Decompression sickness (DCS) is an injury that is a concern for scuba divers, compressed air workers, astronauts, aviators and other personnel exposed to hyperbaric and/or hypobaric environments. Although DCS can result from both hyper- and hypobaric exposures, we focus only on hyperbaric exposures for the present work. The principal cause of DCS is supersaturation of inert gas in the bloodstream and tissues leading to the formation of gas bubbles [1]. Symptoms of DCS can range from relatively harmless manifestations such as slight pains in the joints to devastating symptoms such as paralysis and death. The evolution (especially as it relates to hyper/hypobaric exposure) and treatment of DCS are still active areas of research.

Models which attempt to mitigate the occurrence of DCS have been in use for over a century. The first known model to prescribe decompression schedules following hyperbaric exposures was the Haldane decompression algorithm, which was introduced to the diving practice at the beginning of the 20th Century [2]. Haldane’s decompression algorithm drastically reduced the prevalence and severity of DCS by dictating the schedule by which a diver could safely return to the surface after a given hyperbaric exposure. Although the Haldane model reduced the instances of DCS in the field, it was not perfect, as some divers that followed “safe” recompression schedules still experienced DCS.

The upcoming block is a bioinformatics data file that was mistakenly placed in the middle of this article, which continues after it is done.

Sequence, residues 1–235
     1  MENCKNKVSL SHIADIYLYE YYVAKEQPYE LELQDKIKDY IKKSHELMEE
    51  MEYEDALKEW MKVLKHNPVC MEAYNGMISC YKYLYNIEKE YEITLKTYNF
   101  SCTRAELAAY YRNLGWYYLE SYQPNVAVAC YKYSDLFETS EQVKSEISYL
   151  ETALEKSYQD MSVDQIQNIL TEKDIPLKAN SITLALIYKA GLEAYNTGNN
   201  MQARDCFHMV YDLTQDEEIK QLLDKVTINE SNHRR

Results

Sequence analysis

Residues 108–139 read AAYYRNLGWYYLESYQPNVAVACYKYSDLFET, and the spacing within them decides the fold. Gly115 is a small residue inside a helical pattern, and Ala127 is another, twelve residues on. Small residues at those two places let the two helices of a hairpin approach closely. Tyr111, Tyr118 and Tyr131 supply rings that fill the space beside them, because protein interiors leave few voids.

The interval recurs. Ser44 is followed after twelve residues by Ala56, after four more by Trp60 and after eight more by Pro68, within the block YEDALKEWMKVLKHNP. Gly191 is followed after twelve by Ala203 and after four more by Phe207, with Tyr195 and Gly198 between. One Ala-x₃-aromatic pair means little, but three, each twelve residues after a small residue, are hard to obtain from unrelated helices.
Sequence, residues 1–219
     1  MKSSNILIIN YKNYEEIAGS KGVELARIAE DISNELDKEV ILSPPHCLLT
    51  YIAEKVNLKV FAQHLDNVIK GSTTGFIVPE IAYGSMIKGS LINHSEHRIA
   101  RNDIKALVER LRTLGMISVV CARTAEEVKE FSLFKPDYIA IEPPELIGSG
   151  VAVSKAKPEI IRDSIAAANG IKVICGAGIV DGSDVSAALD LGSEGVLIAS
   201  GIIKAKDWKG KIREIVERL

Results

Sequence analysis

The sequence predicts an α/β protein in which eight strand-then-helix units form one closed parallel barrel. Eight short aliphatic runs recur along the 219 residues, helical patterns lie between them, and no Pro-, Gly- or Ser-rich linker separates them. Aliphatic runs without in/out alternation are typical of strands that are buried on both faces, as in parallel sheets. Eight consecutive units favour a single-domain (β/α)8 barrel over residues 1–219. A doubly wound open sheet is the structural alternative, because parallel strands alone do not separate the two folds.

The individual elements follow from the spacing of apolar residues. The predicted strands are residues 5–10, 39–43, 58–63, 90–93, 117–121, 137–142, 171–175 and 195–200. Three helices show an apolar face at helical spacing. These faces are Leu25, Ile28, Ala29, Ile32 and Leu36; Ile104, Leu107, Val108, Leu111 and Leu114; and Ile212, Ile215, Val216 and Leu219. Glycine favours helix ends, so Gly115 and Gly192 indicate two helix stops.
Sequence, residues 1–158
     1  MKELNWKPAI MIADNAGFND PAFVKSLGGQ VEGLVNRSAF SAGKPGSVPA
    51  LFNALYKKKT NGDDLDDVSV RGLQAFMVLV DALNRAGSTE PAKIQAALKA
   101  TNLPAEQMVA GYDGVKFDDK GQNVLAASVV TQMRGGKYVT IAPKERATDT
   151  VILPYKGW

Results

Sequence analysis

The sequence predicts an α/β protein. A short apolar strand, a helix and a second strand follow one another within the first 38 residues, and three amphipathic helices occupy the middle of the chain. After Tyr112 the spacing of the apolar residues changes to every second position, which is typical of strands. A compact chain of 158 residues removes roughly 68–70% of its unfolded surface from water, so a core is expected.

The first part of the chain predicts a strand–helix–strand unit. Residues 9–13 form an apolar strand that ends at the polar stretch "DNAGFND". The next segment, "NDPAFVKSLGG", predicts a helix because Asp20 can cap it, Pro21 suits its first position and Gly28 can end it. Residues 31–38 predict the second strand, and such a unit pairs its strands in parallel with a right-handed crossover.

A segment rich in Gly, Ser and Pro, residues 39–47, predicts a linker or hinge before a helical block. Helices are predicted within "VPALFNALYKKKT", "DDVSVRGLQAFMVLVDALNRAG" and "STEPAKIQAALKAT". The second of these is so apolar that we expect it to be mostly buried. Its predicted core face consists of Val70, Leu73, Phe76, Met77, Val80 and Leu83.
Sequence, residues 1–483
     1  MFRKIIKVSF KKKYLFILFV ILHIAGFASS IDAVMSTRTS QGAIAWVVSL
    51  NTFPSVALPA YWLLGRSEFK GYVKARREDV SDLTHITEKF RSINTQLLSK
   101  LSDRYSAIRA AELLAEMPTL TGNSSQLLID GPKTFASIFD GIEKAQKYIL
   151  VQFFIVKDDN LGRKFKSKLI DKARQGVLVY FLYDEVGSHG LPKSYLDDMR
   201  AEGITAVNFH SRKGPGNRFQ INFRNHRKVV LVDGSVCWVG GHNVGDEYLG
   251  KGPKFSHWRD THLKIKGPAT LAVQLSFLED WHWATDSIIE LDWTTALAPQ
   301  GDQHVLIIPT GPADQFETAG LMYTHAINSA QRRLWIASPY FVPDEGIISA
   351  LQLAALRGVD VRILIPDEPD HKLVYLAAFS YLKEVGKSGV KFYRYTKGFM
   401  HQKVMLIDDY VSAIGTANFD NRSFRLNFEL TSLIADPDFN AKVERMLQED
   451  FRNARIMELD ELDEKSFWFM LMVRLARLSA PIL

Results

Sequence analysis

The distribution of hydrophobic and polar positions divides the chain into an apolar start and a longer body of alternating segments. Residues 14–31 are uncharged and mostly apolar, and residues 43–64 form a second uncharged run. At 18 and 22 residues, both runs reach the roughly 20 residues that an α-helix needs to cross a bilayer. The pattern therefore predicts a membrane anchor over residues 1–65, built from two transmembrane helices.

DCS model improvement continued throughout the 20th Century and still continues today. DCS models may be broken into two main categories, deterministic and probabilistic. Deterministic models (such as the Haldane model) are binary in outcome and predict whether or not a diver will experience DCS after a given dive profile. Deterministic models leave no middle ground when it comes to predicting DCS; the model prediction is that the diver will or will not experience DCS. This is a problem because empirical data has shown that DCS may occur for only a small percentage of many divers that all execute the exact same dive. Additionally, the symptoms for the divers that experience DCS after executing the exact same dive may vary; drastically in some cases [36].

Probabilistic DCS modeling, first introduced into the field by Weathersby et al. [4], assumes a non-zero probability of experiencing DCS for a given dive. Probabilistic modeling is advantageous because the parameters of the model may be calibrated from empirical data, and different models may be compared (formally or informally) based on statistical tests. Decompression models have evolved to the point that differences between decompression algorithms can no longer be distinguished by casual observation. Differences can be distinguished, however, by DCS probability estimation if adequate dive data are available [4].